Last week, an Israeli liberal daily newspaper, haartz, cited a senior US official in Jerusalem who said concern about Israel’s discriminatory treatment of Palestinian Americans wishing to enter the West Bank was not related to Israel’s petition to enter the US Visa Waiver Program. They were two different issues, the official said.
The article bothered me so much that I wrote Secretary of State Antony Blinken demanding an explanation. I reminded him that the two issues are indeed related: The essential condition for joining the US Visa Waiver Program (VWP), which allows foreign nationals to enter the United States for up to 90 days without a visa, is reciprocity. Any country participating in the VWP must agree to provide non-discriminatory treatment to US citizens, just as they expect their citizens to be received by the US.
In 2014, the last time Israel sought entry into the program, the State Department rejected its application, citing Israel’s history of discrimination against American citizens of Arab descent, especially Palestinian-Americans, as a reason.
Over the years, I have received hundreds of complaints from Arab Americans, who have provided us with sworn statements of their treatment while trying to enter Israel-Palestine. They were pursued and interrogated for hours. Some were detained for a day, denied entry and deported. Israeli officials told Palestinian-Americans, even those born in the US, that Israel did not recognize them as Americans. They were considered Palestinians and therefore had to leave the country, obtain a Palestinian identity and enter through Jordan. Here at the Arab American Institute, we complain to the State Department demanding that our government insist that our rights as American citizens be protected.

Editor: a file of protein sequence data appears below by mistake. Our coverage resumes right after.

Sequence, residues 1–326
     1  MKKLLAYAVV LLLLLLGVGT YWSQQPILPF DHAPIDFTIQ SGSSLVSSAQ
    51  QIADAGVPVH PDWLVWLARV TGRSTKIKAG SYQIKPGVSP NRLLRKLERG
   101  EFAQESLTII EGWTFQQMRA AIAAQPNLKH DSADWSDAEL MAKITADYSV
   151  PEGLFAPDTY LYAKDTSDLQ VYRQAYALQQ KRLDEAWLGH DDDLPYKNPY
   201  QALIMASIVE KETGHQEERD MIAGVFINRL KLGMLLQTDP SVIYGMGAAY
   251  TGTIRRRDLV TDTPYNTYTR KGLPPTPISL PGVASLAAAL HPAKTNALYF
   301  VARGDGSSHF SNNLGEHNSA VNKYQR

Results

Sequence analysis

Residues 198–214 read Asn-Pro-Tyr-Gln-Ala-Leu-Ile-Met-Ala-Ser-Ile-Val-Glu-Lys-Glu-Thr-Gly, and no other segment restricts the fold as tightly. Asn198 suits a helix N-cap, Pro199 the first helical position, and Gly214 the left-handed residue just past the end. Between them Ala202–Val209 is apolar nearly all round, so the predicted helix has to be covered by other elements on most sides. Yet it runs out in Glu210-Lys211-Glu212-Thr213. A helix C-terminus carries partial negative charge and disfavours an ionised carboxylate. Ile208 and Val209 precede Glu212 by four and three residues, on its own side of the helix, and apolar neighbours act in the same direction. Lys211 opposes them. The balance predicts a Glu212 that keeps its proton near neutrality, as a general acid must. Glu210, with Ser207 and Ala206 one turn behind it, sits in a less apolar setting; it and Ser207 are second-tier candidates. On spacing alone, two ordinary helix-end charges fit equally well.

Former secretaries of state – most notably Madeleine Albright and Condoleezza Rice – have vigorously raised this issue with the Israelis, to no avail. The best we could get was a State Department “travel advisory” warning that American citizens of Arab descent, especially those of Palestinian descent, can expect to be treated differently from other US visitors. This acknowledgment of a problem, without doing anything to correct it, only added insult to injury.
An additional concern, unrelated to the VWP, is the fact that Arab Americans, as citizens, should be afforded the same protections that our government offers all other citizens. The first page of the US passport says that the Secretary of State “requests all interested parties to allow the citizen/national of the United States mentioned herein to pass without delay or impediment and, if necessary, give all legal assistance and protection.” And in the 1951 US-Israel Treaty on “Friendship, Commerce and Navigation”, both parties agree to guarantee the rights of each other’s citizens when visiting their countries, including the right to “travel freely; and to reside in places of their choosing, to enjoy freedom of conscience… free from unlawful harassment of every kind… the most constant protection and security.” From our 40 years of work dealing with the discriminatory treatment of Arab Americans traveling to Israel-Palestine, it is clear that the commitments found in our passports and in the treaty are, as the phrase goes, “honored more in violation than in observance.” .